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How Motherhood Goes

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I wake up in the morning, either to my alarm clock chiming while it's still dark if I've decided to attempt to get some work done or to my three year old's OK-To-Wake clock being pressed into my face at exactly 7:01 a.m. (it's set for 7) accompanied by shouts: "My clock turned green, mommy! Time for breakfast! Get up, mommy!" I am always a bit shaken being woken up abruptly -- ideally I like to have a minute to collect myself, transition wholly and peacefully from dream world to real world. But then I open my eyes and see her sweet round face with sleepy eyes, tangled golden curls, the littleness of her in her Frozen nightgown and I smile, pulling her up next to me.

That's just how motherhood goes.

The breakfast hustle is just that... a hustle. The one year old is up by now, adorably snuggly but ferocious and unforgiving in her pursuit of dry Cheerios and a cup of milk. My husband and I tag team it, Cheerios being emptied onto the highchair trey, milk being poured into sippy cups, waffles being toasted, fruit being chopped into less-than-choking-hazard size. It's a whirlwind full of chatter and innocent, yet relentless, requests until both girls have a meal in front of them and then there are three minutes of glorious silence as I grab a protein bar and coffee and sit down at the table. About a minute later I'm called on to clean up drips, "wipe off my stickies please, mommy!", clear plates, refill milks. I continue to drink my coffee well into the morning (I don't play that warm it up in the microwave all-day game, I just start with it iced. Easier that way!). I watch the girls as they pull out toys and begin the important work of a child: playtime. I silently say thanks for their bellies full of food and bodies full of energy and can't help but smile at them: two sisters, playing together. I am the luckiest.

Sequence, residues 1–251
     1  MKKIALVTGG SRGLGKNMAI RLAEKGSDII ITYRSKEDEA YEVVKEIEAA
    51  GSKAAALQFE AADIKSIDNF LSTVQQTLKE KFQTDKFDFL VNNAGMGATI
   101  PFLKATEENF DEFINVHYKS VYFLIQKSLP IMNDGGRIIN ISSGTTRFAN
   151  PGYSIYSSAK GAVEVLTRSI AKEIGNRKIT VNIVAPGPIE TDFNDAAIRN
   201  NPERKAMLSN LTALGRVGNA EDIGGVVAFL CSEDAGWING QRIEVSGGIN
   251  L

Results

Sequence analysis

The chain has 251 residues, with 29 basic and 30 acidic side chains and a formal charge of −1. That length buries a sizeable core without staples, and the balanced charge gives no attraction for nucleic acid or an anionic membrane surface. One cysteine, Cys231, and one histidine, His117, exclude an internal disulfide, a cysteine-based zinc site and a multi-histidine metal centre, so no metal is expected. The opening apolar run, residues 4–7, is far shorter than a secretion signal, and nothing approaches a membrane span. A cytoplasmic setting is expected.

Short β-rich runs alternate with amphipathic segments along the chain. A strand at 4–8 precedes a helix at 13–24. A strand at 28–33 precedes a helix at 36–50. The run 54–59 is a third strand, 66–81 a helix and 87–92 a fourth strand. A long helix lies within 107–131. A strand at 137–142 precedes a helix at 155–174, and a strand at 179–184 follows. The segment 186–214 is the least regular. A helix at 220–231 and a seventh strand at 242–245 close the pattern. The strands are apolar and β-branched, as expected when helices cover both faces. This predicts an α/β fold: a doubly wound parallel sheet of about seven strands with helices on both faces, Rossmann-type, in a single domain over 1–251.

That's just how motherhood goes.

The baby (H) goes down for her morning nap and I put on a show for her big sister (C) as I settle in on the chair next to her and open my laptop to work. The minutes allotted to accomplish what feels like a never-ending list of tasks (emails, writing, pitching, research) fly by as if we're on fast forward and before I know it, it's almost time for H to wake up and C has had an hour and a half of television. She's happily singing the Doc McStuffins theme song, but I'm feeling the familiar sting of mom guilt: Does she watch too much TV? Am I paying enough attention to her? Is she affected by the fact that I work at home? We get Hadley up together and a bit later C announces what she wants to be when she grows up: "A mommy and a doctor!" I'm encouraged -- as a mom, and as a woman in general -- by her belief in her limitless potential. Maybe I'm not scarring her for life, I think to myself.

That's just how motherhood goes.